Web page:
Mike's China by Mike Dixon - HTML preview

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9 Tibetans


I've met a few memorable people in my life and one was the Tibetan guy who organised the logistics for our climbing trip in the Himalayas.  I injured my foot early in the proceedings and spent a lot of time with him while the rest of my party was away in the mountains.  We knew him as Kangri.  His parents called him by a different name.

Kangri's family lived a nomadic life, grazing yaks in the highland pastures of northern Yunnan, near the Tibetan border.  It's a tough way to make a living and he had some remarkable stories about his childhood.

One was a horrendous incident when he was at toddler.  A lion dog took his head into its mouth.  His scalp was ripped open.  His mother fainted and his uncle stitched him back together again.  Kangri pulled back his hair as he told the story and showed the ugly scar that remained from the ordeal.

The Tibetan lion dogs get their name from the main of long hair on their huge heads.  His family kept them to guard their herds from wolves.  They lost calves to the wolves and had to be on guard for the wolf packs that followed them around.  As a teenager, Kangri spent long hours with his father, lying in ambush, waiting for the packs to come within range.  They had telescopic sights on their rifles but the wolves were cunning and very difficult to shoot.

When he was thirteen, Kangri went to a boarding school run by Buddhist monks.  There, he learnt about strange people who lived in the West.  They had yellow hair and blue eyes and didn't like the Chinese.  The blue-eyed people spoke English and Kangri decided he was going to learn English.

The nearest place to do that was India.  The Dalai Lama had established a college in the foothills of the Himalayas and Kangri resolved to go there.  At the age of nineteen, he set off with two friends.  Leaving Tibet was strictly forbidden and they had to travel at night.  The journey was by foot and took over two months.  Towards the end, they exhausted their money and were forced to beg.

Frontier guards patrolled the main routes.  He and his friends had to use high passes to escape detection.  In many places the track was no more than a crumbling ledge, cut into a cliff face centuries before.  They got frostbite and couldn't feel the rocks cutting into their legs as they hugged the cliff in the dark.  Kangri pulled up his trouser leg and showed the scars he had accumulated on the journey.

The young men eventually reached India and enrolled in the Dalai Lama's college.  Kangri learnt English and could have emigrated to America but felt homesick.  He made enquiries and found that the Chinese authorities would let him back.  In time he obtained a licence for tourist activities.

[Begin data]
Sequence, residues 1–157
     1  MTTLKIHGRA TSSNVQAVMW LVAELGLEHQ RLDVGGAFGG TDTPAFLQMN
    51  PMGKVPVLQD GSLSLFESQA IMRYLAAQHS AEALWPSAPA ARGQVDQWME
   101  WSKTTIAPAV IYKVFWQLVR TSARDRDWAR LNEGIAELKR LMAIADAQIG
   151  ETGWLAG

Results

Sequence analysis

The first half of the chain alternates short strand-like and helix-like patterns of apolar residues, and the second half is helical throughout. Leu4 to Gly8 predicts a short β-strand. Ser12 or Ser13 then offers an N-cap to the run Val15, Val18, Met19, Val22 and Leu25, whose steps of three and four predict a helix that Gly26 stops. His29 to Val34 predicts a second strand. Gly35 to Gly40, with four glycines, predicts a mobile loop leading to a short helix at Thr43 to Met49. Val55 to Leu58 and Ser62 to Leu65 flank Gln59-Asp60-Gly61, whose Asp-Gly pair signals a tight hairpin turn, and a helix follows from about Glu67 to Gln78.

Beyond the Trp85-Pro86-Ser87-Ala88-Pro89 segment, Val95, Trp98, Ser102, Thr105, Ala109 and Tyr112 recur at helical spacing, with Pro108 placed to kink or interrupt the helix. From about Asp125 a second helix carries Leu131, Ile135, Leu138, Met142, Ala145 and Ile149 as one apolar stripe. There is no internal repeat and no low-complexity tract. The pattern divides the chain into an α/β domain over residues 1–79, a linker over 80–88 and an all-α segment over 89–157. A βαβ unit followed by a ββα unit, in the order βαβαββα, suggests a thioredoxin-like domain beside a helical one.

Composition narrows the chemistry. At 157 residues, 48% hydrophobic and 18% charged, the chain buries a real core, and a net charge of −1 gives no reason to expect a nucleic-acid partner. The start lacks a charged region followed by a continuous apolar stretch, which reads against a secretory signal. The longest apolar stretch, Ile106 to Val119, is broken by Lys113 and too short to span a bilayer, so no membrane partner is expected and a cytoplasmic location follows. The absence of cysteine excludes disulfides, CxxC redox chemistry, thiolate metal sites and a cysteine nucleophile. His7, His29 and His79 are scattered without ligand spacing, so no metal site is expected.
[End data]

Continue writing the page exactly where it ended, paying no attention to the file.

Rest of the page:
Kangri speaks Tibetan, Mandarin and excellent English.  While my people were away climbing he decided to visit his family.  He invited me along and we set off in his 4WD vehicle.  It was an awesome trip.  Kangri changed into Tibetan clothes and I put on my climbing gear to stay warm.  We carried extra fuel and a box of spares.

Finding his folks required patience.  Kangri talked to people en route and followed their leads.  It took four days and we finally found them encamped in a shallow valley.  A large herd of yaks was grazing on the surrounding hillsides.  The family had ponies and two large vehicles.  They clearly weren’t poor.  Kangri's brother was there with his wife and children; he spoke Tibetan and no other language.

The two brothers had led very different lives.  Kangri was a man of the world and his brother was a herdsman whose big ambition was to visit Lhahsa one day.  Kangri's mother asked me if I could find a nice girl for her son.  Kangri was clearly embarrassed by the question but undertook the translation.

He was now in his late twenties and clearly wanted a "nice girl".  His problem was to find a Tibetan girl who shared his outlook on life.  There were some "nice" farm girls but their view of the world was far too restricted.  Then there were the university girls.  He'd introduced me to some and made it clear that he didn't like them.  I suspect that when he finds the lady of his dreams, she will be a way-out character (probably a Westerner) looking for a way-out guy like himself.

Kangri was the inspiration for Tenzin, a leading character in my latest book, The Emerald Buddha.